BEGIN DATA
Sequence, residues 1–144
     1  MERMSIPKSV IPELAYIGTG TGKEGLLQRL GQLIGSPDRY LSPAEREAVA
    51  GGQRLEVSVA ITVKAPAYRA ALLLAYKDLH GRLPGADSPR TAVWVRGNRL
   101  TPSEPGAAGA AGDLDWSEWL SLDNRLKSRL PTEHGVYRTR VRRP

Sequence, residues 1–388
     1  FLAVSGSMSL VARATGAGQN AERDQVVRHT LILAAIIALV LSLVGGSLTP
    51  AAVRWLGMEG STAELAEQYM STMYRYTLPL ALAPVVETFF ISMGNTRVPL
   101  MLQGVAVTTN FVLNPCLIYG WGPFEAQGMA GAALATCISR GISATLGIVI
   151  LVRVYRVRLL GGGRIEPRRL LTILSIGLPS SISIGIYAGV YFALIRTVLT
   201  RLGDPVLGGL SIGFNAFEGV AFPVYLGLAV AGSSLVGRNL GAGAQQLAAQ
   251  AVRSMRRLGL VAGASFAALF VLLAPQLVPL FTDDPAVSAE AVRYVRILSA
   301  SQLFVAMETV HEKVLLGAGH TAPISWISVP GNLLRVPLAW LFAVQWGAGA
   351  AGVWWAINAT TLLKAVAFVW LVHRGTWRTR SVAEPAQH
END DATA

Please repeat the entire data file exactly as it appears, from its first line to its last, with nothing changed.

Sequence, residues 1–144
     1  MERMSIPKSV IPELAYIGTG TGKEGLLQRL GQLIGSPDRY LSPAEREAVA
    51  GGQRLEVSVA ITVKAPAYRA ALLLAYKDLH GRLPGADSPR TAVWVRGNRL
   101  TPSEPGAAGA AGDLDWSEWL SLDNRLKSRL PTEHGVYRTR VRRP

Sequence, residues 1–388
     1  FLAVSGSMSL VARATGAGQN AERDQVVRHT LILAAIIALV LSLVGGSLTP
    51  AAVRWLGMEG STAELAEQYM STMYRYTLPL ALAPVVETFF ISMGNTRVPL
   101  MLQGVAVTTN FVLNPCLIYG WGPFEAQGMA GAALATCISR GISATLGIVI
   151  LVRVYRVRLL GGGRIEPRRL LTILSIGLPS SISIGIYAGV YFALIRTVLT
   201  RLGDPVLGGL SIGFNAFEGV AFPVYLGLAV AGSSLVGRNL GAGAQQLAAQ
   251  AVRSMRRLGL VAGASFAALF VLLAPQLVPL FTDDPAVSAE AVRYVRILSA
   301  SQLFVAMETV HEKVLLGAGH TAPISWISVP GNLLRVPLAW LFAVQWGAGA
   351  AGVWWAINAT TLLKAVAFVW LVHRGTWRTR SVAEPAQH